Reform our expenses now, says Suffolk MP

A SUFFOLK MP tonight called for urgent reform to the system of claiming expenses and allowances at the House of Commons.

Graham Dines

A SUFFOLK MP tonight called for urgent reform to the system of claiming expenses and allowances at the House of Commons.

Richard Spring spoke out as details emerged of MPs claims, which showed a difference of nearly �40,000 between the region's top claimant and the bottom one.

However, Ipswich Labour MP Chris Mole blamed the media for misrepresenting details of the expenses and Liberal Democrat Bob Russell (Colchester) said: “My conscience is clear.”

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Members of the House of Commons are entitled to claim mileage on constituency work, train fares for themselves and families, a second home allowance either in London or their constituency, postage, researchers, secretaries, and IT support.

The latest row over questionable expenses arose after the Home Secretary Jacqui Smith claimed her second home was a bedroom in her sister's London house, and put in a bill for “adult movies” watched by her husband in the constituency.

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Following the intervention of Prime Minister Gordon Brown, the Committee on Standards in Public Life, which had originally said its recommendations for reform of the system would come after the next general election, said it would report before Christmas.

In this region, MPs claiming more than �150,000 in the financial year 2007-08 were Bob Blizzard (Labour, Waveney) and Tory MPs Douglas Carswell (Harwich) and Tim Yeo (Suffolk South) while three claimed less than �120,000 - Tory MPs John Whittingdale (Maldon and Chelmsford East), Sir Alan Haselhurst (Saffron Walden) and John Gummer (Suffolk Coastal).

A wide variation in the claims is published by the Commons authorities. For example, the region has two MPs whose constituencies are wholly urban - Bob Russell (Liberal Democrat, Colchester), who claimed �2,309 in mileage costs while Labour's Chris Mole in Ipswich did not charge anything.

For a second home, Mr Russell “only” billed the taxpayer �10,963 because he shares a flat with another MP, with other members putting in claims for the maximum amount of �23,083.

Mr Mole had one of the highest postage bills of any MP at �5,255, while Braintree's Brooks Newmark put in a bill for �816. Mr Russell claimed �3,032 and Bernard Jenkin (Essex North) �1,160.

Travelodge, the budget hotel chain, has written to the Speaker of the House Commons saying it would be more than �7,600 cheaper for individual MPs to take rooms at its Southwark property - two underground stops from Westminster - than claiming the second home allowance.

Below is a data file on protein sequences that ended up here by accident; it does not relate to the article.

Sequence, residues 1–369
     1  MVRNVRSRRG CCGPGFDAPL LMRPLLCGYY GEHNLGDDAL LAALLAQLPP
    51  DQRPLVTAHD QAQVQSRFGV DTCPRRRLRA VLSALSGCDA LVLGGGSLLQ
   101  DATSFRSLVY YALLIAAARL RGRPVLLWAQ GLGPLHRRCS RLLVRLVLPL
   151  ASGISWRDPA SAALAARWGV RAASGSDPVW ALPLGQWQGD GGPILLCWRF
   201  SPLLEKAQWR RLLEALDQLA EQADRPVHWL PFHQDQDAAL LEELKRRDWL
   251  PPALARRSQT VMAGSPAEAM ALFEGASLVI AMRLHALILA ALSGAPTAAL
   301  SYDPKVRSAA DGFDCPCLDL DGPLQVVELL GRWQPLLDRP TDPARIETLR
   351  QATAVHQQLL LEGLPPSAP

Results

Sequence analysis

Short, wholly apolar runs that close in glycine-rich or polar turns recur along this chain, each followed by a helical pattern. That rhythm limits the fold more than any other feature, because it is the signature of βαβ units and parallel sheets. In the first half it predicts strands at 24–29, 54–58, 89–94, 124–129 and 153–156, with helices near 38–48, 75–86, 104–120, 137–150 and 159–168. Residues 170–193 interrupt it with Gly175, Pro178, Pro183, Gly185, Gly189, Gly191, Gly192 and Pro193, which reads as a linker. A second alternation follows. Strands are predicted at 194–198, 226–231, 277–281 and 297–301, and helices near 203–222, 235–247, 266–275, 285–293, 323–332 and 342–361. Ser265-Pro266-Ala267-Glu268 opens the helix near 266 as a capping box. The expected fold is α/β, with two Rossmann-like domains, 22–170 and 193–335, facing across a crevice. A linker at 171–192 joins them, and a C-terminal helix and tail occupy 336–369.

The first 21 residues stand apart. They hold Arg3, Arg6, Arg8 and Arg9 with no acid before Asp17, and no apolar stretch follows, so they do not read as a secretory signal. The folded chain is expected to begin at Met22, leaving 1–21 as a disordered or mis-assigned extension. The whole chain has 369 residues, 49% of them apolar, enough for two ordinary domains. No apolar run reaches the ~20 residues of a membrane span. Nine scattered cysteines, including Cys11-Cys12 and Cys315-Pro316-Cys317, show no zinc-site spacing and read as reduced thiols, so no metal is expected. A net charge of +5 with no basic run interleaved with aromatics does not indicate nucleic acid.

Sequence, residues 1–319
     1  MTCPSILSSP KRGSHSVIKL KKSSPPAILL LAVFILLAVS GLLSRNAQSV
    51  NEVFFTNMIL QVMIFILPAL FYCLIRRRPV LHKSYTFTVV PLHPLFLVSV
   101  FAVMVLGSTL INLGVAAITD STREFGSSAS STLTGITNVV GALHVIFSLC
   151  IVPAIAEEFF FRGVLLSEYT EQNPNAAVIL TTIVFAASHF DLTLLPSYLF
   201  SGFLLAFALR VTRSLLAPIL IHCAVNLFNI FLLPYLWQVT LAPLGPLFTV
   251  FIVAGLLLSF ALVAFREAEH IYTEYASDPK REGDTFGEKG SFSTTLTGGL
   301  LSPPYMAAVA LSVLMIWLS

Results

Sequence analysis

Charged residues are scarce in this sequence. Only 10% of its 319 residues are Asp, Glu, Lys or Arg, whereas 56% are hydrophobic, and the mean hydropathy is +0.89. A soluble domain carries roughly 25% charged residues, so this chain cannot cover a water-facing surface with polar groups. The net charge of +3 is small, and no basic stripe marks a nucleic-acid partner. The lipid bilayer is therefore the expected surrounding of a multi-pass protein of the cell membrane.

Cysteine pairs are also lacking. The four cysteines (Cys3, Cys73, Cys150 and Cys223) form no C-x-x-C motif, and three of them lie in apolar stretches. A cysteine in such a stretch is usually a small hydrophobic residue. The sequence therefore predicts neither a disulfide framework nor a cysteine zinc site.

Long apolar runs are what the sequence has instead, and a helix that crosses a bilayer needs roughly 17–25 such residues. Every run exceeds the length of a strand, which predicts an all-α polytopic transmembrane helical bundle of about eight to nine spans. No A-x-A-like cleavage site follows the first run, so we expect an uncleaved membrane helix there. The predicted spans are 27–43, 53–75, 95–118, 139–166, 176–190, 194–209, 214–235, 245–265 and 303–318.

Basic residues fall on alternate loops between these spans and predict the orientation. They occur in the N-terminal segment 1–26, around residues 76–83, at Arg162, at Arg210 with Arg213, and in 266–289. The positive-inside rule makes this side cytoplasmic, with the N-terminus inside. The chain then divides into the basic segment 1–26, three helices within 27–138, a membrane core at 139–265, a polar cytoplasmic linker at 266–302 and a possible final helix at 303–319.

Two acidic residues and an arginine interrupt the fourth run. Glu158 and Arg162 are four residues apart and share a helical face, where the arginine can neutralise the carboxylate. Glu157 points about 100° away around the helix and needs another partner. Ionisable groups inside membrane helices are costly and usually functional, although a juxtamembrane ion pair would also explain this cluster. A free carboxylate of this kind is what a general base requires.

Suffolk West MP Richard Spring supported the Prime Minister's call for urgent reform of the expenses and allowances system. “A Suffolk MP needs a property in Suffolk. We also have to live in London - commuting is out of the question. Yesterday I had a meeting at 8.30am in the House and didn't leave until after 10.30pm.

“We have to have a wholly transparent system because quite frankly the public finds the current set-up deeply offensive. They don't understand what we have to fund ourselves - I should not have to pay for secretarial help and IT costs, these should be the responsibility of the Commons.”

Mr Russell issued a media statement in which he claimed “Russell costs you less than other MPs,” based on his lower London housing costs, although his total claims were higher than other Essex colleagues.

“I do not lead a lavish life,” said Mr Russell. “I share a modest flat with another MP, and between us our combined costs are still less than the maximum which many MPs are claiming.”

He called for the parliamentary authorities to provide accommodation for MPs. “It would work out a lot cheaper and if MPs wanted something more, they should not expect the public purse to foot the bill.”

Chris Mole hit out at the media. “Whatever system of expenses we have, there are elements in the media who will misrepresent it, which is deeply offensive for the vast majority of my colleagues who put in modest claims.

“My postage bill is high because I am an active MP who deals with a vast postbag from worried constituents.”

Matthew Elliott, Chief Executive at the TaxPayers' Alliance said: “Any MP within normal commuting distance should not have a second home. Many taxpayers have to travel in and out of London every day, and manage to do their job effectively. It is mystifying that some MPs think they should be insulated from the reality of working life.”

KEEPING IN TOUCH: Richard Spring's newsletter to constituents is funded out of his �11,013 communications allowance claim

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